Transportation Tuesday: Amtrak Fiction

I’ve been working on a short story for years about a friendship slipping into an unfamiliar place. One of these days I’ll fish it out of the muck. In my book (ha), trains are good places for writing, and good places to write about. I don’t feel the same way about airplanes, where you enter a sort of stasis between points A and B. This introductory portion was inspired by the Northeast Corridor, the stretch of rail between New York and DC.

Early rail. Photo: Profimedia.

            A jolt over the old join in the rail dislodged the book from my hand. It was useless, that book, this attempt to read. I let it go; I did not pick it up. Such blowing litter in my mind, bits of tweed and scraping leaves.  I stared out the train window, a scene anemic in the pale autumn sunshine, each image sliding by me a story of epic loss.  Nine rails withered into four, and overhead, brittle wires dangled over abandoned boxcars. Concrete shards littered the dirt. Such sparkling abandonment by those workers, the capital, the ideas; they were now gone, and I didn’t see them coming back. What had we looked like when we were new? It was  likely that we had never been new. The trash, the litter of peoples’ lives. The view was exquisite; I sat there open-mouthed, gaping and fixed, like I was watching porn. The yogurt cups, the motor oil containers, empty cigarette packs, the split second decisions to push things away, to chuck them onto the rail. Things left to deteriorate. Fortunate is the one to recognize their own deteriorations prior to collision with them. Do such people exist?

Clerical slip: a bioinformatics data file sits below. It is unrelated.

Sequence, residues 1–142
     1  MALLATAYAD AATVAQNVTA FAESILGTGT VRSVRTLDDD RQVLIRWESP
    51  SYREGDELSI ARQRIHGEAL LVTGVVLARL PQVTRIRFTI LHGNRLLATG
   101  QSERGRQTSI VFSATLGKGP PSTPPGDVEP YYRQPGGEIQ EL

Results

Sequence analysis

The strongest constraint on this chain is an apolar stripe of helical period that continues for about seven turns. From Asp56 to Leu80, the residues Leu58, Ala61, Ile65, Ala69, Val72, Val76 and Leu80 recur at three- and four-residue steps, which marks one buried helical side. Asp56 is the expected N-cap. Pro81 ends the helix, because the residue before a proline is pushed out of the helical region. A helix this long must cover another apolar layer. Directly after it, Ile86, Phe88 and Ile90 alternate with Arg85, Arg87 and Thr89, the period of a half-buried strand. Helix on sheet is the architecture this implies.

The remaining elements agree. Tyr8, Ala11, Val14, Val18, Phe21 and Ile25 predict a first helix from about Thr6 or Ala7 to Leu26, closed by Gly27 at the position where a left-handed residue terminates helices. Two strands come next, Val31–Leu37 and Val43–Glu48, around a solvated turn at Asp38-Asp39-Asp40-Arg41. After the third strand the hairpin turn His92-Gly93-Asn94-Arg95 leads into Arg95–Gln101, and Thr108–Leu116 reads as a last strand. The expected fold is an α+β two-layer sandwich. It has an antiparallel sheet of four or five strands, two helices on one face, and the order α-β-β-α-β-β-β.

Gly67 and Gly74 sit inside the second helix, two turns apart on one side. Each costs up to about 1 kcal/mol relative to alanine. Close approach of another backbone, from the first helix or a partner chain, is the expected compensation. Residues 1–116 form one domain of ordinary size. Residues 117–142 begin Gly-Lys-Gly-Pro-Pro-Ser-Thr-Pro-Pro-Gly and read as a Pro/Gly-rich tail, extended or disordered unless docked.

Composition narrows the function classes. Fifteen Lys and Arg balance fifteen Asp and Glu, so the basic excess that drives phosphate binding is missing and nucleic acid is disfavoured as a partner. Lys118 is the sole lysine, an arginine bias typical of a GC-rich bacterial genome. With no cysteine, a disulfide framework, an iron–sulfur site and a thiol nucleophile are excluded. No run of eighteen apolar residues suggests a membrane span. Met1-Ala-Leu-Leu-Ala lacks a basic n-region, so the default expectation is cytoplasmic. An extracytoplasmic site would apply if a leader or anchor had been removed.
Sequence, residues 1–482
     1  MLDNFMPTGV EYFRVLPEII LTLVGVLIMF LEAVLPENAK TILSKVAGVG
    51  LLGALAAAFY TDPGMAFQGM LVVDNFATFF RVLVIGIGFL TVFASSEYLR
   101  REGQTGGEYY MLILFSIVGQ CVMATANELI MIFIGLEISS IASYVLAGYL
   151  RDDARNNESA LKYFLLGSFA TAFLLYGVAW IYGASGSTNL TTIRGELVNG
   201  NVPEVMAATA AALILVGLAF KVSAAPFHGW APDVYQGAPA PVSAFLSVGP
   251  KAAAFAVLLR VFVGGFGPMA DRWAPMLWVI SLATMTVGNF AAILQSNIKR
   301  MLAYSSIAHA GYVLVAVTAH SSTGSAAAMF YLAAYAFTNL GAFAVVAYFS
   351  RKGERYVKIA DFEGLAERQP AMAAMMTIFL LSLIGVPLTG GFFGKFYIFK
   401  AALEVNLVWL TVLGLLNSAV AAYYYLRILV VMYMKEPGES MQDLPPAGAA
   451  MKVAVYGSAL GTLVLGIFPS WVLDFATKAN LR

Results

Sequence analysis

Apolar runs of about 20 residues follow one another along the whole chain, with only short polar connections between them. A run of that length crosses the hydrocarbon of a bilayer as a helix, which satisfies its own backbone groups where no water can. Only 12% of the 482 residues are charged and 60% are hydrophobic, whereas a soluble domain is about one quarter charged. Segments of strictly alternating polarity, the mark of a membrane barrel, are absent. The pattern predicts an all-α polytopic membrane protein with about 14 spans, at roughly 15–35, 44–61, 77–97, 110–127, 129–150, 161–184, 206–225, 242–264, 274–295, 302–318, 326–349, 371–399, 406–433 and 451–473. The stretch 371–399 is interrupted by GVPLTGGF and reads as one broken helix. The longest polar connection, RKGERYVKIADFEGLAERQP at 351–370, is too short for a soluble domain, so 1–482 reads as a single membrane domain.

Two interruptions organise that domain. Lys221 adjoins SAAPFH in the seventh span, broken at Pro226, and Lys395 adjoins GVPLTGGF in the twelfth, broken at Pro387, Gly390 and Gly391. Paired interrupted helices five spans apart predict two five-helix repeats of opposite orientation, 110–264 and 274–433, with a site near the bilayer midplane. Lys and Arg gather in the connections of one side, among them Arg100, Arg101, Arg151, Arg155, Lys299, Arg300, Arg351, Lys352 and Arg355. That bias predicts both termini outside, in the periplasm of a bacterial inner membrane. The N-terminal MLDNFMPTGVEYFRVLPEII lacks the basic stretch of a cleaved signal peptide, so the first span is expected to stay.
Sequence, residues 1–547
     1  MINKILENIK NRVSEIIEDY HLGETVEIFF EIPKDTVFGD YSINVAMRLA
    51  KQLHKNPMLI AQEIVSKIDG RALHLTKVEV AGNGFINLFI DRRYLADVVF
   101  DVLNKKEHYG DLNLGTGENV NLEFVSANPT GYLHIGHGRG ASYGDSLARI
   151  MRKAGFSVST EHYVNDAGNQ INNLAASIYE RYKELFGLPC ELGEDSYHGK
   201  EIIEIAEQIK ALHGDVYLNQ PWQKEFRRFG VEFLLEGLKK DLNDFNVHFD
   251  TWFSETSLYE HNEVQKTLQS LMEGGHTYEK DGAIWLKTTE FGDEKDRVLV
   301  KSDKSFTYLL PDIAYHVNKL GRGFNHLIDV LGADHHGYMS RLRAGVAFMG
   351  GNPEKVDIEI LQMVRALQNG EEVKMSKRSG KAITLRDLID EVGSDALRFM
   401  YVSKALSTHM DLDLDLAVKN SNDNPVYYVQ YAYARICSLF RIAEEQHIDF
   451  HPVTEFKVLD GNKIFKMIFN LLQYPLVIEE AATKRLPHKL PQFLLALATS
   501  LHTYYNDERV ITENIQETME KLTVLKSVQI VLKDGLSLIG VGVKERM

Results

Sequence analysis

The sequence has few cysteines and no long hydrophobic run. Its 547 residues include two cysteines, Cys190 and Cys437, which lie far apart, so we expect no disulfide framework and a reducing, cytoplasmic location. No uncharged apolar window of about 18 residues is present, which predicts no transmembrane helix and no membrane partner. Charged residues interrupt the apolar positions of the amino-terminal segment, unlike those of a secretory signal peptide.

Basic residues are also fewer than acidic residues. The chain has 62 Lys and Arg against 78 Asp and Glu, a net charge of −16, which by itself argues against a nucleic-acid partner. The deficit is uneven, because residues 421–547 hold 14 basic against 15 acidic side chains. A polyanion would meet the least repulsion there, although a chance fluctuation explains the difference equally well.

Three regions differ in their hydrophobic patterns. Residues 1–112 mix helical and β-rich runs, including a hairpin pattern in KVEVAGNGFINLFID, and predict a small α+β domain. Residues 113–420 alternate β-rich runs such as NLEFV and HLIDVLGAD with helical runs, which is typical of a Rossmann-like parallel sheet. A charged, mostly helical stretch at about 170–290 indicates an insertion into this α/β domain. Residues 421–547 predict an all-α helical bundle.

The train was picking up speed.

About Becky Fifield

Becky Fifield is a cultural heritage professional with 25 years experience in institutions large and small. She is currently Head of Collection Management for the Special Collections of the New York Public Library. An advocate for preventive conservation, Ms. Fifield is a Professional Associate of the American Institute for Conservation, Chair of the AIC Collection Care Network, and former Chair of Alliance for Response NYC. She is also a scholar of 18th century female unfree labor and dress. There's a bit of pun in the title The Still Room, delineating a quiet space brimming with the ingredients of memory, where consideration, analysis, and wordcraft can take place. Ms. Fifield’s interests include museum practice, dress history, historic preservation, transit, social and women’s history, food, current events, geneaology, roadtrips, and considerations on general sense of place. Becky and her husband, Dr. V, live in the Hudson Valley.